Due to the inability of A.M. Best ratings (or any other rating system) to predict insurance carriers’ financial viability for the full term of the typical workers’ compensation long tail obligation, and the continuing failure by many state guarantee funds to protect maritime employers, the DOL published new regulations during 2005 aimed at requiring security from insurance carriers without regard to A.M. Best ratings, but rather aimed specifically at business written in those states where the state guarantee funds do not fully protect Longshore benefits.

 

Which State Guarantee Funds Pay… and Which Don’t?

State insurance laws creating and governing guarantee funds come with a wide variety of restrictions and conditions.  Some states’ guarantee funds simply do NOT pay federal Longshore benefits.  These states are: Arizona, California, Iowa, Kentucky, Missouri, New Mexico, North Dakota, Ohio, Oklahoma, South Dakota, Tennessee, West Virginia, and Wyoming.  Longshore Act business written in these states must be fully secured with DOL.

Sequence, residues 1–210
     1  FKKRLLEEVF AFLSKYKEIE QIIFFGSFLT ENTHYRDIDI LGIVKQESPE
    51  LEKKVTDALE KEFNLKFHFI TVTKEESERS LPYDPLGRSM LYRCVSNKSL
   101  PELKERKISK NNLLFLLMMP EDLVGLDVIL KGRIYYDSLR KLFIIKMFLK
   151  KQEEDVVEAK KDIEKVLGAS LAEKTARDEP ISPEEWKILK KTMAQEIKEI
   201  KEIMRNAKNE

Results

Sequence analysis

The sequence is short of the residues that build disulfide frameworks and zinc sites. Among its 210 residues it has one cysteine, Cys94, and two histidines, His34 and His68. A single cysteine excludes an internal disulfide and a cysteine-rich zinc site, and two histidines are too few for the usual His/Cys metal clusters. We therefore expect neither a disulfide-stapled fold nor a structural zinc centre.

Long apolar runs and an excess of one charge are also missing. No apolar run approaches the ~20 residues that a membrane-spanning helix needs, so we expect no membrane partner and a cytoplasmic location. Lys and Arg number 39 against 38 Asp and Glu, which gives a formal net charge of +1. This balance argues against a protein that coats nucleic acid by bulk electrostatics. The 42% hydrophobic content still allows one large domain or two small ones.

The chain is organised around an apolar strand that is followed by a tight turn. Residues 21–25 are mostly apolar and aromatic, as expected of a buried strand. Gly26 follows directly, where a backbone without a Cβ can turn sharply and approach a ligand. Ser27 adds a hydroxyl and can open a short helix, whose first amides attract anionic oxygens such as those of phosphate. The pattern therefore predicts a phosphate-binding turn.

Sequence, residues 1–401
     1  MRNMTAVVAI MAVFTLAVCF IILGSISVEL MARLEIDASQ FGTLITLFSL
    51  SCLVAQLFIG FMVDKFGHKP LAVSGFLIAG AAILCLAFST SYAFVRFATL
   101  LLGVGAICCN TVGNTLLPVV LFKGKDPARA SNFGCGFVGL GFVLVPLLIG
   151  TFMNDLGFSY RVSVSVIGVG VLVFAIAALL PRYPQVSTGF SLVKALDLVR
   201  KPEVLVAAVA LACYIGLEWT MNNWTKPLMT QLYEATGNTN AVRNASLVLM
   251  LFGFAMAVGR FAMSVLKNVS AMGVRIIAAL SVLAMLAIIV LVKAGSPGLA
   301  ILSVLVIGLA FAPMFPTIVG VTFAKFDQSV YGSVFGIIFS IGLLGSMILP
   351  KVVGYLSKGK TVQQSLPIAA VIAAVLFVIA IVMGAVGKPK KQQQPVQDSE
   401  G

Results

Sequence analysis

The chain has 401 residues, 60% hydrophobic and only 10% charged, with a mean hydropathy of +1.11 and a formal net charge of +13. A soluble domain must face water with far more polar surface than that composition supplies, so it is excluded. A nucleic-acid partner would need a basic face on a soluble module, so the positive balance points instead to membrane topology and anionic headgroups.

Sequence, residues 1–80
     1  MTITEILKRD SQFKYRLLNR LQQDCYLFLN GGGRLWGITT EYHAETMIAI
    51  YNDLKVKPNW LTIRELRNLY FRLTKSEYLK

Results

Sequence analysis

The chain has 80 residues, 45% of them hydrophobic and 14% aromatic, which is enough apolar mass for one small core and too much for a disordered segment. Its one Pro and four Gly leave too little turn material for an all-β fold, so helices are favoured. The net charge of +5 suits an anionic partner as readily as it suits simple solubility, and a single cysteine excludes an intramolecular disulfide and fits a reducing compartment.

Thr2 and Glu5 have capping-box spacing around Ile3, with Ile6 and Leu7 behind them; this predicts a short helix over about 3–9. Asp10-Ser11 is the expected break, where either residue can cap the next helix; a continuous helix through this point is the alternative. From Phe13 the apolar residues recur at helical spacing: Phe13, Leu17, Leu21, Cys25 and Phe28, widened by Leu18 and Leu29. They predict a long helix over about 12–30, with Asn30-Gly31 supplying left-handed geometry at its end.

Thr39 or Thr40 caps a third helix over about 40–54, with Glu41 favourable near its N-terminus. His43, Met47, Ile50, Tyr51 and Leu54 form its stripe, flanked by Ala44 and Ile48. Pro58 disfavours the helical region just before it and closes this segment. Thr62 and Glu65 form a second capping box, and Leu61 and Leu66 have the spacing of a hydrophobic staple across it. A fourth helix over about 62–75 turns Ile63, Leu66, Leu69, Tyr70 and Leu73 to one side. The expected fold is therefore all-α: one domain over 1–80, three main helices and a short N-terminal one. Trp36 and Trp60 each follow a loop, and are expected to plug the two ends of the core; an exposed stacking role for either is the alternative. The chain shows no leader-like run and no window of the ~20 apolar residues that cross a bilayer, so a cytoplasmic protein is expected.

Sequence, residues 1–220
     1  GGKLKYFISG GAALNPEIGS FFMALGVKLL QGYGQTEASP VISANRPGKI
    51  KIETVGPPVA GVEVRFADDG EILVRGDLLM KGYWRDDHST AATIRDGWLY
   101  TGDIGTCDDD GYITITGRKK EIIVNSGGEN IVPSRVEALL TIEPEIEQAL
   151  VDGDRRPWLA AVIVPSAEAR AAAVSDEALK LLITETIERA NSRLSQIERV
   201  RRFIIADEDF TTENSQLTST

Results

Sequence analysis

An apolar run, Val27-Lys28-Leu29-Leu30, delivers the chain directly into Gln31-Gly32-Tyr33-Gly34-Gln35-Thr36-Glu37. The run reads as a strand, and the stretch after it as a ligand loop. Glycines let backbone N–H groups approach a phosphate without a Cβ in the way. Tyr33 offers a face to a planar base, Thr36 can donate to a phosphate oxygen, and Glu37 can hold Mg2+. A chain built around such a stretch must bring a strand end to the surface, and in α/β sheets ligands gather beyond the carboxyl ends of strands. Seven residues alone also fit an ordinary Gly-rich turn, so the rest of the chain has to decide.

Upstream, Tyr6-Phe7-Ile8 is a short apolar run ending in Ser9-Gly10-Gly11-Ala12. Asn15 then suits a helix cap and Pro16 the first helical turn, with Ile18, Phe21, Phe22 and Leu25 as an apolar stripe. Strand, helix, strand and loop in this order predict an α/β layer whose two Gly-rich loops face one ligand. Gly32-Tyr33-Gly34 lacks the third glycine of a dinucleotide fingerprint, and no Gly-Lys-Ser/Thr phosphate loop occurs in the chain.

In addition, provisions in many other states restrict Longshore protection.  A partial list of the restrictions on state payments includes time limits for filing, claims definitions that do not recognize occupational disease exposures, non-payment of deductible portions of an employer’s exposure, maximum limits on benefits, restrictions based on the financial size of the insured employer, restrictions based on financial viability of the insured employer, residency requirements, and payments that are limited to state rates that are lower than federal Longshore rates.